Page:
I always thought that if I could be conscious of my thoughts and emotions, I could be better at controlling them. I'm quite conscious of my emotional landscape, but I'm not good at forcing my brain to the Zen-like acceptance of the situation at hand.
Some days, I feel serene and confident about the direction of my life. I have no doubts about the house we've chosen. I feel sure that even with declining student numbers, we have an academic future. I feel good about my health.
Other days, I've let the minutiae of daily life swamp my good feelings. Lately the requirements of home buying have often been a challenge to my good mood. I've gotten hung up on quarter point moves of the interest rate, instead of marvelling at the idea that I'm getting a rate well below 5%. I'm worried about all the steps happening as quickly as they need to. I'm fretful about money. And then there's global sea level rise and the elevation of South Florida . . .
I try to keep my thoughts in perspective by reminding myself that, with the exception of global sea level rise, these are good problems to have. I remember all the people wrestling with issues that are much larger: health issues of all sorts, job loss issues, issues with parents and children.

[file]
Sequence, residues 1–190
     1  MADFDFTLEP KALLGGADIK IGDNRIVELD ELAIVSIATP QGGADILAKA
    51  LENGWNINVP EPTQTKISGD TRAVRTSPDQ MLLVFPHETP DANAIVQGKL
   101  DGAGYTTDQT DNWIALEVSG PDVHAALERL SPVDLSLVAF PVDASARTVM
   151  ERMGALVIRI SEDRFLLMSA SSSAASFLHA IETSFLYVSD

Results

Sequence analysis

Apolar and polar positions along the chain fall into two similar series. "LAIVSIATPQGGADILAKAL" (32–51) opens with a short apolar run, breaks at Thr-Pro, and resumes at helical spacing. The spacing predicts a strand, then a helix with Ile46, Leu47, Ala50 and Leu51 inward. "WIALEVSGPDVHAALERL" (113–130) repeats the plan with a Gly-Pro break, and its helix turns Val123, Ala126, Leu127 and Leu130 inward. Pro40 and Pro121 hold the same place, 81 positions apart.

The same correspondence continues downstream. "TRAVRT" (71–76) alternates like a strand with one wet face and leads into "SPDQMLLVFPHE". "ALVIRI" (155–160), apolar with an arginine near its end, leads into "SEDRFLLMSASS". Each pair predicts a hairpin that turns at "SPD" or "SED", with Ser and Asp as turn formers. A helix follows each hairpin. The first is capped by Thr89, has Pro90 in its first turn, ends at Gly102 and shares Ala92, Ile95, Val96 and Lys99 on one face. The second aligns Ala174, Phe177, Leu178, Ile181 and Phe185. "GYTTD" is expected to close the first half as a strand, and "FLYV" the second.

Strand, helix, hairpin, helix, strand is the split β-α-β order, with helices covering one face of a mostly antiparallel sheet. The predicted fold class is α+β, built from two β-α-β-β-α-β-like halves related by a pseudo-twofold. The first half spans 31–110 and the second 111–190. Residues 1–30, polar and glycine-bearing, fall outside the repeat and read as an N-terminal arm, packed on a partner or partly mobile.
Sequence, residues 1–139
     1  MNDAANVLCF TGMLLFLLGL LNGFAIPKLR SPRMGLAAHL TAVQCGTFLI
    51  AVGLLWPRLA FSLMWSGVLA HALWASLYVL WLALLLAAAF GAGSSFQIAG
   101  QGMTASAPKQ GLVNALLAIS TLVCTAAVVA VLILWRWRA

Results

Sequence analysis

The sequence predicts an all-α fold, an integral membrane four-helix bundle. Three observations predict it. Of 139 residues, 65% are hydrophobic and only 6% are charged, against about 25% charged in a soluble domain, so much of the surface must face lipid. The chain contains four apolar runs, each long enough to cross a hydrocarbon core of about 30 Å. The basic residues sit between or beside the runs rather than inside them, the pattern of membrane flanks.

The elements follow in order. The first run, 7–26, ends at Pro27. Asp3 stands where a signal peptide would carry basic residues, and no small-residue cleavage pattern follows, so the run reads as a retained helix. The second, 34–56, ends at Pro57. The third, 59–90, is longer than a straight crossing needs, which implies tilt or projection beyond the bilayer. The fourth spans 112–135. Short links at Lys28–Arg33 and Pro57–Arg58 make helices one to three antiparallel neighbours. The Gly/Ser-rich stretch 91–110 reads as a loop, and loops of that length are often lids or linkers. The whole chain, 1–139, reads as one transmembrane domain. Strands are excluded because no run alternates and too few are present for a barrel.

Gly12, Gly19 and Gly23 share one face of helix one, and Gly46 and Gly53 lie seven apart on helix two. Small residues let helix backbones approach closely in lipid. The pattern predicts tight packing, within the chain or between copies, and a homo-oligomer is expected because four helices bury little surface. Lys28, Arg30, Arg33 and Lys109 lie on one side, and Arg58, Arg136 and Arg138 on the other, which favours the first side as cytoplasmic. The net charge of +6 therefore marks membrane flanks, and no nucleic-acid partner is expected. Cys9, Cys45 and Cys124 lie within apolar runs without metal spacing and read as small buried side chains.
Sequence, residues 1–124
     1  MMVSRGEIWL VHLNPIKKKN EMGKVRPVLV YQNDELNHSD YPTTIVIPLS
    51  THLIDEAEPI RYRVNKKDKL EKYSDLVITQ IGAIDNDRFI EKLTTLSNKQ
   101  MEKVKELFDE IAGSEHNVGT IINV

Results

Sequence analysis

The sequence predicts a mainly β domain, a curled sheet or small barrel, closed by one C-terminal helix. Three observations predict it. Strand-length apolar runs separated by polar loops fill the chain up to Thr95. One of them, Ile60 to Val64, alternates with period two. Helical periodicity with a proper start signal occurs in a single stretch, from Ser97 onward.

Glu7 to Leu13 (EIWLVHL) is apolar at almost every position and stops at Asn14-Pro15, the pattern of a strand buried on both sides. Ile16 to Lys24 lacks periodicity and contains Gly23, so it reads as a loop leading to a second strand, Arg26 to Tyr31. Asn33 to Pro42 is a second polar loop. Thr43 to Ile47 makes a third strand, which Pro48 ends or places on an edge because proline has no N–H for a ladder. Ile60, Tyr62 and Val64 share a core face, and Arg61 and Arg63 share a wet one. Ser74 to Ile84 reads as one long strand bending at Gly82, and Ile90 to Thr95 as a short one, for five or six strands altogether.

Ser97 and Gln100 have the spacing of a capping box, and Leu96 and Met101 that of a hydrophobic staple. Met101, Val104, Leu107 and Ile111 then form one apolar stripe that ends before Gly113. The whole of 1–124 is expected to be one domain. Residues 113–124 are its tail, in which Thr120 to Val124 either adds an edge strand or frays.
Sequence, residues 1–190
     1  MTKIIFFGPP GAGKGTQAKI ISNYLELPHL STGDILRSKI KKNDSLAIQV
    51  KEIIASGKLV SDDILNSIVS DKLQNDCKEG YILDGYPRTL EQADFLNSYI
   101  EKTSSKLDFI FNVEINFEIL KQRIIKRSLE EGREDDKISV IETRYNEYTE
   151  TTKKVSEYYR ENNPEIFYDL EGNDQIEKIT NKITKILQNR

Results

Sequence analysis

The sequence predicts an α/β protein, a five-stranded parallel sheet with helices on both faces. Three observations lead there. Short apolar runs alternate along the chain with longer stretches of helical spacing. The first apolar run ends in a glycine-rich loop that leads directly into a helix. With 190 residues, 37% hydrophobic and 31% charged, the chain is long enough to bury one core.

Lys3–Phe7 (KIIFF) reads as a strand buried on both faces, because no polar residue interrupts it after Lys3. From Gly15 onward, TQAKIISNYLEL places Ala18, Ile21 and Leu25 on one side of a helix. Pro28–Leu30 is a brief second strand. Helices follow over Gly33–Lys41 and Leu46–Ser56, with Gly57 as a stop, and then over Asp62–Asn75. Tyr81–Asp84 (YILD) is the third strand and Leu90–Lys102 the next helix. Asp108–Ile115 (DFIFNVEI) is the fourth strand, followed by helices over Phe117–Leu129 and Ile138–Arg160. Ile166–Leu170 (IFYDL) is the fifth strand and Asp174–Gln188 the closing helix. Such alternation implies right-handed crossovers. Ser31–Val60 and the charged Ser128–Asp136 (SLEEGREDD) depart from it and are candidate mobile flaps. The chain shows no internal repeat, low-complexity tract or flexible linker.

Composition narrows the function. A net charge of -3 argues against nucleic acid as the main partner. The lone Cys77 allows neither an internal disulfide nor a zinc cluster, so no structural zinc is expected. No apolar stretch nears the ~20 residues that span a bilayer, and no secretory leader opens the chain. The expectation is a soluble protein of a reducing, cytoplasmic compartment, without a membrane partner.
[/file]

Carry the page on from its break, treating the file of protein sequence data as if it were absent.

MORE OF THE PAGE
It's important to remember the larger picture, the fact that our very existence is an improbability in this universe.
These thoughts remind me of a poem I wrote years ago, which was just published in Clackamas Literary Review. I was teaching Composition down the hallway from an Astronomy class, and the evening happened just as the poem describes:
The poet teaches first year Composition
down the hall from an Astronomy
class. Her students struggle
to turn basic sentences into coherent
paragraphs. Language strips its potential
for majesty as they get back to basics:
subject, verb, direct object.
Over the students' bent heads, the poet hears
whisps of Cosmology from down the hall,
hints of a big bang and dancing around Darwin.
She thinks of that teacher who has seen glimmers
of the mysteries of the universe
and must now use language that lacks
enough words to explain tough concepts to bored students.
The astronomer and the poet, modern mystics, cracked
open by cosmic glories unglimpsed
by most. They return
from the mountaintops
with great news of glad tidings.
They're greeted with the sighs
of those who prefer to have majesty muted.
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